Much of what we think of as “can’t stick to my diet” can be put under the heading of “can’t solve a problem”.

Dieting is one of those life situations where if you can’t do it easily, there’s a problem in the way. The problem requires an effective means of solving it. There can be more than one way to solve the problem. But, at the very least, one way must be found.

Once a solution is arrived at, it needs to be implemented so that it gets you to your goal—solving the problem so you can stay on your diet and lose the weight for good.

Research comparing weight-loss diets shows it is not the diet that counts; it is being able to get on the diet and stay on the diet you choose that makes the real difference.

Willpower alone is an unreliable source of energy for adhering to a dieting regimen. Willpower is easily depleted. Instead of counting on willpower, a dieter is more likely to stay on her diet plan if she solves whatever personal problems are interfering. Examples of such problems are: vulnerability to temptations, emotional eating, feeling deprived, negative thinking, hard to break habits, and low self-confidence.

When it comes to the “sticking-to-it” part of a diet, the dieter is usually left on her own. “Stick-to-your diet” helpers are not available the way food plans are.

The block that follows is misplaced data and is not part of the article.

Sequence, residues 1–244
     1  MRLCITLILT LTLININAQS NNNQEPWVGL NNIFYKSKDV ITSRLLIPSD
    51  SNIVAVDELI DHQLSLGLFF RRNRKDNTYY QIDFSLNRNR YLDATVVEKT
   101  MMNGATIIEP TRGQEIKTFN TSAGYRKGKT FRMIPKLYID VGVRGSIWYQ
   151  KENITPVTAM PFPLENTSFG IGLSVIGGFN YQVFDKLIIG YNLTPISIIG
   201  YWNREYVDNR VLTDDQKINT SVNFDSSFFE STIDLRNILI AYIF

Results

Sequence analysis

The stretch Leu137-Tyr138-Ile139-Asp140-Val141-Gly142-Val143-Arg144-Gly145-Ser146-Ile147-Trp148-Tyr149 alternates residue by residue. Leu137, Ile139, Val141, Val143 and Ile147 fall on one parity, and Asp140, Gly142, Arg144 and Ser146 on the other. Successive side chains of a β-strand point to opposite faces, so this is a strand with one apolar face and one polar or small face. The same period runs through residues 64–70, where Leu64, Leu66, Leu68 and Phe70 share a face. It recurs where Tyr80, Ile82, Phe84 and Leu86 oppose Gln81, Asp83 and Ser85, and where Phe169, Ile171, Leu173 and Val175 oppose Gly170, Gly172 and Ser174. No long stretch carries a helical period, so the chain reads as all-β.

Let’s take a look at some problems that threaten dieting and see how a “stick-to-your diet” helper could help solve them.

What if you can’t get started dieting? You think: I have absolutely no idea how to get motivated. I need to lose 30 lbs, no doubt about it, but I can’t get motivated enough to start.

Or: you eat secretly. What could you do instead of eating secretly? You have no idea. Can you take a walk? Can you take yourself away from the refrigerator and take a bath instead? No, those things are totally unsatisfying. So what can you do?

What if you get so hungry that you eat everything in sight while making dinner for the family? When you’re hungry, sometimes even just a little bit hungry, you lose control. There’s no way to put the brakes on. You can tell something drastic is needed.

Here’s where you need help with your dieting beyond what your diet has to offer. The diet’s food plan can’t help you with hard-to-solve personal dieting issues. An honest-to-goodness stick-to-it dieting helper, though, would be the right kind of help. It could help you to:

• First: zero in on the problem and make it crystal clear

• Next: come up with a solution to your problem

• Then: devise a plan to put your new solution right into action

• After that: see where your plan could get hung up

• And last: fine-tune your plan to make doubly sure it works.

A dieting helper like this would make dieting a lot easier. It would give dieters the same kind of help on the psychological side of dieting that the food plan gives them on the dietary side.

Author's Bio: 

Kenneth Schwarz Ph.D. is a psychologist with a clinical practice in Sharon, Connecticut. He is on the allied health staff of Sharon Hospital, and he specializes in adult and child psychotherapy, personal change, and goal achievement. For more about how to conquer the psychological side of dieting, go to his website,